In
2013, we published a paper “**Does Banque de France control inflation and unemployment?”**** **We
demonstrated that the French economy would likely sink into a longer period of
deflation or very low inflation rate after 2013. This is an **excerpt** from the paper discussing how
Banque de France could boost labour force growth and inflation by flooding the
French economy with money. Instead of this simple measure, there were several
depressing years of contingency measures introduced by the ECB. This update uses
data for the past three years and proves that austerity is a counterproductive approach.
We just extend inflation prediction by 3 years ahead (to 2019) and put new
measurement without change in the previous estimates. We have nothing to add. The
text is still valid.

“*Here, we
consider the rate of inflation, unemployment, and the change in labour force
altogether. For France, the generalized relationship is obtained as a sum of
(10) and (13), which results, with some marginal tuning of all coefficients in
order to reduce the standard error of the model, in the following equation for
the GDP deflator:*

*π(t) = 2.69l(t-5) - u(t-5) + 0.108; 1971≤t≤1995 *

*π(t) = 6.40l(t-5)
- u(t-5) + 0.059; t≥1996 (14)*

*For the OECD CPI:*

*π(t) = 3.0l(t-5) - u(t-5) + 0.108; 1971≤t≤1995 *

*π(t) = 5.0l(t-5)
- u(t-5) + 0.067; t≥1996 (15)*

*where we model inflation since
it lags by 5 years behind the change in labour force and unemployment.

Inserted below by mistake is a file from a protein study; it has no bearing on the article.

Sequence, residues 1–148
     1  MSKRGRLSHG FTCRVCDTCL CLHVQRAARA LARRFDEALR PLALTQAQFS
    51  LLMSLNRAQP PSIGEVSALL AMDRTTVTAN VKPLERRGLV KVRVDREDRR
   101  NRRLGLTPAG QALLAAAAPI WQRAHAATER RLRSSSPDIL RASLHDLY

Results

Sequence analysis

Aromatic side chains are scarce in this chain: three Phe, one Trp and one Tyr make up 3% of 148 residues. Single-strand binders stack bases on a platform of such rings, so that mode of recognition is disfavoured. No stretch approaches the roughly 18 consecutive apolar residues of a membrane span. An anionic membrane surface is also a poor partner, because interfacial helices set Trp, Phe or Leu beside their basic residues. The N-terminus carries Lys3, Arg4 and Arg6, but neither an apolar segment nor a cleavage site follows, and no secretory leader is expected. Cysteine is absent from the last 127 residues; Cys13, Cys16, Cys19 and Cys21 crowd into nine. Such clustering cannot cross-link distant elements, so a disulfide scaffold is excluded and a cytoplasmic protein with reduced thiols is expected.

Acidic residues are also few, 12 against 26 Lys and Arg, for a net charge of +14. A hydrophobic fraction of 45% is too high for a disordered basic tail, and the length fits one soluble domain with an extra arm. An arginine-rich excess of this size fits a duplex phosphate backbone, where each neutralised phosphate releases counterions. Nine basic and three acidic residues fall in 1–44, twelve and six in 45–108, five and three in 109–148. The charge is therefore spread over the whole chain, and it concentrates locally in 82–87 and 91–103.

Formally, one can re-write both relationships for u(t). Notice that the change
in the slopes and intercepts are much smaller than in individual relationships.
The structural break is less prominent and thus its estimate is less
reliable. *

*The annual and
cumulative curves for both cases are presented in Figure 12. Linear regression of the observed inflation
against that predicted according to (14) and (15) is characterized by
outstanding for annual curves statistical properties: R*^{2}=0.87 and RMSFE=0.015
y^{-1},^{ }and^{ }R^{2}=0.83 and RMSFE=0.017 y^{-1},
respectively. For the cumulative curves, both R^{2} are larger than 0.99
and RMSFE~0.025 y^{-1}, i.e. by 20% smaller than the naive ones (see
Table 4). These estimates were obtained for the period between 1972 and 2012 with
a five-year lag. These RMSFEs are the best obtained for France at a five year
horizon so far. They explain the rate of price inflation to the extent beyond
which measurement uncertainty should play the key role. Practically, there is
no room for any further improvements in R^{2} given the accuracy of the
current prediction.

*Conclusion*

*We have successfully modelled
unemployment and inflation in France. Their sensitivity to the change in labour
force requires very accurate measurements for any quantitative modelling to be
reliable. Unfortunately, the OECD labour force time series does not meet this
requirement and poor statistical results are obtained for annual readings. The
best prediction is obtained with the moving average technique applied to the
change in labour force. For the period between 1970 and 2012, linear regression
analysis provides R*^{2} as high as 0.8 to 0.9 for the rate of
unemployment and GDP deflator. The RMSFE for the best CPI model is 0.015 y^{-1}
and 0.010 y^{-1} for the GDP deflator, both at a four year horizon. For
the period after 1994, the best RMSFE=0.005 y^{-1} for both measures of
inflation. In 1994, our models have structural breaks found by the OLS fit. For
the VECM representation, the standard error for the GDP deflator is as low as 0.010
y^{-1} at a four year horizon and 0.005 y^{-1} for a two year
horizon. The whole period and 0.004 y^{-1} for the period after 1994. All
in all, we have obtained a very accurate description of unemployment and
inflation in France during the past 40 years.

*Having discussed
the technically solvable problems associated with the uncertainty in the labour
force measurements, we start tackling the problem associated with the